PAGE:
Burden on patients: Access to medicines in health insurance exchange plans

Allyson Funk
Allyson Funk June 23, 2016

Burden on patients: Access to medicines in health insurance exchange plans.

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ABC-logo.pngAccess to prescription medicines is critical to help patients manage their chronic conditions and maximize quality of life. Unfortunately, even with insurance coverage, many patients still struggle to get the medicines they need due to high out-of-pocket costs and other plan restrictions. We looked at the burden on patients with health insurance exchange coverage in 2014 and 2015. Now, we’re taking a look at 2016 coverage.

A new analysis by Avalere Health offers data on access to medications for chronic conditions in exchange plans in 2016. For many, as highlighted in earlier research, health insurance exchange plans may cover a medicine, but place it on the highest cost-sharing tier. When the medicine a patient needs – brand or generic – is on a high cost-sharing tier with no alternative on a lower cost-sharing tier, patients are faced with tough choices. This is one reason why more needs to be done to engage and empower patients and stop practices that may discriminate against patients with certain chronic conditions.

Here’s how 2016 health insurance exchange coverage stacks up for patients with these five conditions:

  • HIV/AIDS: There has been an increase in how often HIV medicines are placed on lower cost-sharing tiers in 2016 exchange plans overall, but these plans still place HIV/AIDS medicines on the specialty tier more often than employer-based plans.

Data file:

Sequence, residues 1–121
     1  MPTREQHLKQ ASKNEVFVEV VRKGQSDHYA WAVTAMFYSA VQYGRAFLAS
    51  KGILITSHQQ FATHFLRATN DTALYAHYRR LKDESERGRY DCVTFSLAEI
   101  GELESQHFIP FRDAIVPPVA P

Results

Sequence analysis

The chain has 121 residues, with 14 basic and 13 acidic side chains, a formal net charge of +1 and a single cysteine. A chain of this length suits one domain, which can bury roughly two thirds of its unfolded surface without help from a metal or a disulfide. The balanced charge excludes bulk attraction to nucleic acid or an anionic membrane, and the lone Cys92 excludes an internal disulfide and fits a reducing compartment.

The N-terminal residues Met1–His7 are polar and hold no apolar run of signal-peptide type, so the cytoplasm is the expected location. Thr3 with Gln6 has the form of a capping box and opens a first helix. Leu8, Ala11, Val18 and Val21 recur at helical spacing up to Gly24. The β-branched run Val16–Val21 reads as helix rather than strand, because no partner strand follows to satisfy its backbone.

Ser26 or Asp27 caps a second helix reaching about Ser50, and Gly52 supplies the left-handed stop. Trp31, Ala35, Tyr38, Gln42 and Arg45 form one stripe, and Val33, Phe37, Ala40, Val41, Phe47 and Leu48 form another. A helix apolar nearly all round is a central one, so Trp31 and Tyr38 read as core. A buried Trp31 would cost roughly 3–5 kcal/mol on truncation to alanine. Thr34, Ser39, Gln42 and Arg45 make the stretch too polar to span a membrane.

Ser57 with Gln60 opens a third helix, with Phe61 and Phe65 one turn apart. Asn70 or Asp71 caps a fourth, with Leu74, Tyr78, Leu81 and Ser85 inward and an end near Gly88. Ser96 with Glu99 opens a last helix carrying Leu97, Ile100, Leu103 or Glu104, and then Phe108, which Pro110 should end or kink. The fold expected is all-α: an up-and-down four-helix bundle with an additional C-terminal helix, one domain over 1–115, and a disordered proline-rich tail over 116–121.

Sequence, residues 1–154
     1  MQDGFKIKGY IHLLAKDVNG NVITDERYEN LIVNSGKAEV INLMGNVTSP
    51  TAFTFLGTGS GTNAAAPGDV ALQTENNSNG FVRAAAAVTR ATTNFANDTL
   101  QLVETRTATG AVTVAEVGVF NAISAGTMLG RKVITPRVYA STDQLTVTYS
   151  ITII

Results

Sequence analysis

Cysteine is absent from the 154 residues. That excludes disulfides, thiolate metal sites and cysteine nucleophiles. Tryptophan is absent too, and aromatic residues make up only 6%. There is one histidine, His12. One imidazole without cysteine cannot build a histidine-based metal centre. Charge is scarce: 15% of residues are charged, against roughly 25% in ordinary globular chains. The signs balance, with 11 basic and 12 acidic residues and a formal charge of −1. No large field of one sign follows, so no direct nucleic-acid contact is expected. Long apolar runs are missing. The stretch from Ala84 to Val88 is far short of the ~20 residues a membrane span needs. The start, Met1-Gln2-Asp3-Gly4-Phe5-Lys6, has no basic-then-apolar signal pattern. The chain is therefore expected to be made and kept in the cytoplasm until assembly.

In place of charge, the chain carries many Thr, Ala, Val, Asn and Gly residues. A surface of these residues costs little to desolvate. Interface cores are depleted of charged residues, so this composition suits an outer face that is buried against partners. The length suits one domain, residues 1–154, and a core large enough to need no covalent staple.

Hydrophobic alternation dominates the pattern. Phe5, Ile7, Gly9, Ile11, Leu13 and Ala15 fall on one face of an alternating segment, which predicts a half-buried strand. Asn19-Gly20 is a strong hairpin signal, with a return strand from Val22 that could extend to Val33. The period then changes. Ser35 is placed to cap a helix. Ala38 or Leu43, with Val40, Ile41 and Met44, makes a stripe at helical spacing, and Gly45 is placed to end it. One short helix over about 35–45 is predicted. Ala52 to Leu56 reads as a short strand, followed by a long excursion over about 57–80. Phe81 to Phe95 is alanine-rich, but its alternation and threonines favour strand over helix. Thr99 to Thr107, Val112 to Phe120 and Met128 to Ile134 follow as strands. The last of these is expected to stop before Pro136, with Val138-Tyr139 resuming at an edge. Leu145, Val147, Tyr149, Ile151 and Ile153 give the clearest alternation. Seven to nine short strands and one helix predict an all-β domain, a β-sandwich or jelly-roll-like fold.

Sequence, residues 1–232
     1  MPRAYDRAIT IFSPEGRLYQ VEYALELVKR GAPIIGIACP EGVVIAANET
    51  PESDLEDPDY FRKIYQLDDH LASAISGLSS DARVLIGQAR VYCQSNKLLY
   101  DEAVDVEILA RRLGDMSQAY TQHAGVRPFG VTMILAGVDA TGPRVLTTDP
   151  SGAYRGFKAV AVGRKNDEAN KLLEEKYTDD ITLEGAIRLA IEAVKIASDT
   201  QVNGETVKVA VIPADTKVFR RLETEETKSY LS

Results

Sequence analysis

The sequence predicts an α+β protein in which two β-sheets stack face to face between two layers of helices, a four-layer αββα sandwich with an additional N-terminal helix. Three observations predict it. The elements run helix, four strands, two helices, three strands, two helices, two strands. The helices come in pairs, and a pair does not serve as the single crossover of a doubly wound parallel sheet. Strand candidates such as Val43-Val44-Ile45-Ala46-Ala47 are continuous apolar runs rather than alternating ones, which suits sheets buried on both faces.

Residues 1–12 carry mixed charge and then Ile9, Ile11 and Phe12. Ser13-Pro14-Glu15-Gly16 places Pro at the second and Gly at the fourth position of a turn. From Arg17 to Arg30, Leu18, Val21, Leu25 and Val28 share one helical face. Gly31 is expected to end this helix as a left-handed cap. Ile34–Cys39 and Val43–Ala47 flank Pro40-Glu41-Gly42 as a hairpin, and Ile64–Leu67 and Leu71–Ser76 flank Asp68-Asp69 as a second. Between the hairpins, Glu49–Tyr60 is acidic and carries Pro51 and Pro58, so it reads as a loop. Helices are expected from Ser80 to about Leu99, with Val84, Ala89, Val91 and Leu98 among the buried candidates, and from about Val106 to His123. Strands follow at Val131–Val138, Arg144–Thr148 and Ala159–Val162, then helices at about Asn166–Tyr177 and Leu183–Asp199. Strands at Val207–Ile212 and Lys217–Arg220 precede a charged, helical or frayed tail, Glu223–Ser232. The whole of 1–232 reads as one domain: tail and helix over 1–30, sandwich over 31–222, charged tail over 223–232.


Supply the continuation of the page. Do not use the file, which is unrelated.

• Oncology: Half of all exchange plans put all cancer medicines in the antiangiogenic agents class on the specialty tier. One-third of the time, cancer medications are placed on the specialty tier – more than twice the frequency of employer plans.
  • Cystic fibrosis: Almost half (48 percent) of exchange plans place all innovative cystic fibrosis medicines on the specialty tier, which usually requires greater cost sharing for patients.
  • Mental health: Many patients face coinsurance of greater than 40 percent for medicines that treat mental health conditions, and these medications are more than twice as likely to be excluded from exchange formularies compared to employer-sponsored plans.
  • Multiple sclerosis (MS): While coverage is improving, more than one-third (36 percent) of marketplace plans still place all innovator brand MS medicines on the specialty tier.                                                                       

Check back next week – we’ll be covering five more conditions. For more, visit AccessBetterCoverage.org.

Topics: Access, Cancer, Cystic Fibrosis, Affordable Care Act, Health Insurance, HIV/AIDS, Burden on Patients, Multiple Sclerosis, Mental Illness, Access Better Coverage, Policy Solutions, Empower Consumers